This work grows from successes in establishing the first statewide Invention Challenge initiative and Program named MIIT ( Mini Invention Innovation Team) in the nation in 1979 in New Jersey as part of the statewide Technology for Children Program- NJ Department of Education. Thousands of New Jersey youngsters participated annually. This work helped spread the ideas across the nation in the early 1980’s including creation of Project XL as the Education Outreach of the U.S. Patent and Trademark Office.

    Now the national focus is into developing STEM education ( Science, Technology, Engineering, Mathematics). No subject integrates content areas like invention and problem finding, and no subject lies deeper at the core of technology than invention.

    The Japanese are way in front of us here through the Japan Institute of Invention and Innovation (JIII) who have, since 1974, been developing Invention Clubs for Schoolchildren all across that nation. Currently some 145 Clubs are operational across Japan serving over 100,000 Japanese girls and boys. We have nothing comparable– but could- to the benefit of everyone.

    The major problem is to sell these ideas to political leadership in Washington and Statehouses across this nation. President Elect Obama wants to better support the after-school hours, so optimism is fresh and potential huge. He also wants to reconstruct NCLB and here also may be road to build to create more opportunity to stimulate, encourage, support and develop the latent creative, inventive capacities of our young people.

    I would be happy to send you the OSGC(NASA) funded Project papers but they are too numerous to email. The Project is one any community could productively undertake. One frequent comment I get from parents is this: ” When will we have an Invention Innovation Center in our community for our children?” I reply: ” Just as soon as we have the leadership who see the potential and will step forward to help develop them.” The long goal is a network of such centers across this nation serving millions of youth.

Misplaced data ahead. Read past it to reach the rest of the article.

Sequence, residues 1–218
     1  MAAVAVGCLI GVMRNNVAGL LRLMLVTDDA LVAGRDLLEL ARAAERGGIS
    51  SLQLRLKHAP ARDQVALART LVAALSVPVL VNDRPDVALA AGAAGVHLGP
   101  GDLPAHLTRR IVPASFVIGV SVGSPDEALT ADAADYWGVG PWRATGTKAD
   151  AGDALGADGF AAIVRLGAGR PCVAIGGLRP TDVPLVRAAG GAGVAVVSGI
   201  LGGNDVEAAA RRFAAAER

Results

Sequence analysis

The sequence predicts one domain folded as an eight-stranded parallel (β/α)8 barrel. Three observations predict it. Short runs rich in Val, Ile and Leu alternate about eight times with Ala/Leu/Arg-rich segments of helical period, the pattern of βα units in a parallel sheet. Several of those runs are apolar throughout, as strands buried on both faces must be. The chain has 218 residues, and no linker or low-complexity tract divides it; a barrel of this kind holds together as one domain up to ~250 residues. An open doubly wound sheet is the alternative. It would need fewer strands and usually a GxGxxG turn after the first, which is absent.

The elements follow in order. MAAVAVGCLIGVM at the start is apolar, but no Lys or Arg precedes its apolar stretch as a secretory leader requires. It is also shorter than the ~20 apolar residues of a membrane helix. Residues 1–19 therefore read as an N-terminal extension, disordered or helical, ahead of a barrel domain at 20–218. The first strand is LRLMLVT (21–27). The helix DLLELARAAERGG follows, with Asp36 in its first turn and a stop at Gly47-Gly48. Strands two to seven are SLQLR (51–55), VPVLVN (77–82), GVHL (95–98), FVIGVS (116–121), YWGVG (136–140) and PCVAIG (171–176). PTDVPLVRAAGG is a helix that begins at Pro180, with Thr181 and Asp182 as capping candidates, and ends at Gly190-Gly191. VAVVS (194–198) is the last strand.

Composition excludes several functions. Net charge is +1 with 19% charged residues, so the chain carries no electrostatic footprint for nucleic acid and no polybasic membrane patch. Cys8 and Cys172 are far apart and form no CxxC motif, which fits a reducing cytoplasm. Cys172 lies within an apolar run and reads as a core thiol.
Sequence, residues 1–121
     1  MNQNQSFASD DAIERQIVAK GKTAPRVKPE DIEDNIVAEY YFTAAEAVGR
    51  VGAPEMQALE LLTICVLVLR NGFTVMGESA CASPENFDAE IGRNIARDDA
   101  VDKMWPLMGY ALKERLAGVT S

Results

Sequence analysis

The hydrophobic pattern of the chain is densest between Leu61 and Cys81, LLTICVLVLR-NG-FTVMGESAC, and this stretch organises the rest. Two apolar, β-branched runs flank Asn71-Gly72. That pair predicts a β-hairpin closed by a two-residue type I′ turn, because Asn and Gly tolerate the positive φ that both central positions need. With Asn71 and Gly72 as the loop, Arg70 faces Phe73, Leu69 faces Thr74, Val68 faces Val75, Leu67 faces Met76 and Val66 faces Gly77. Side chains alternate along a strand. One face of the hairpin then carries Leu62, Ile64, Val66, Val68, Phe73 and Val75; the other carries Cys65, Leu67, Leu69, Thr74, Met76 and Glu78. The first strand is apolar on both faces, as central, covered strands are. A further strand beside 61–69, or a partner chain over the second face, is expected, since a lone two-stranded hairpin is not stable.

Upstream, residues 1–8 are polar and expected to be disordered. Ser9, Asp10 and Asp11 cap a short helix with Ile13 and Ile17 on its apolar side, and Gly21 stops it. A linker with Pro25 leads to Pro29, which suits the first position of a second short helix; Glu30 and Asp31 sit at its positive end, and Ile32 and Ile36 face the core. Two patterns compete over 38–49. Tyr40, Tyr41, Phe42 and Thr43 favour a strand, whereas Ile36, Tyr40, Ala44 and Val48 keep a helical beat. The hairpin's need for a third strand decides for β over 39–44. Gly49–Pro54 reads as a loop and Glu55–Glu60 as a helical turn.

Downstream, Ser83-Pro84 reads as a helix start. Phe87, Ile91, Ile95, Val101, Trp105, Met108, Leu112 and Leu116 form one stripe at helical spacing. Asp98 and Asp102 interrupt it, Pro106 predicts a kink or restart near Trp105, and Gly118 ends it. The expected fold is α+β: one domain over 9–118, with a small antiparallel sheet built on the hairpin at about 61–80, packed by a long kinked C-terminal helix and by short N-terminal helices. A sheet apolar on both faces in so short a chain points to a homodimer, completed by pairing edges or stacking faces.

We are literally sitting on a gold mine of potential yet not only have difficulty developing this resourse, but even recognizing it !

    Two words that need emphasis here are: ” systematic and ongoing”.

    Dr.Wes Perusek
    Director, OSGC(NASA) Invention
    Innovation Centers Project
    Advisor, Altshuller Institute for TRIZ Studies
    Distinguished Alumni, College of Technology,
    Kent State University
    6165 Creekside Lane
    North Ridgeville, Ohio 44039
    440-353-2750
    perusek@windstream.net

  2. Thanks so much for your entry, Wes. I am so glad to hear there is at least some effort going on in this direction, as I was unaware of the programs you describe. I completely agree with your direction, and that support for it must be drummed up at every level possible. There is absolutely no good reason why we can’t have a program at least as good as that in Japan here in the U.S., and there is no question that such programs are urgently needed worldwide. We will need all our ingenuity to copy with our exploding population and the rapidly increasing risk of serious energy shortages. I will contact my legislators right away as a first step to adding my support to this important work.
    Thanks again – Tim

  3. It is so heartening to hear of Dr. Perusek’s Innovation Centers Project. As he says, there are so many buildings available in urban centers for retrofitting. What appears to be unavailable is the mentality that supports, hopefully fervently supports, a school milieu that evokes invention, creativity, exploration. American culture is bogged down in No Child Left Behind and is blind to our faltering educational status worldwide. Cheers to him.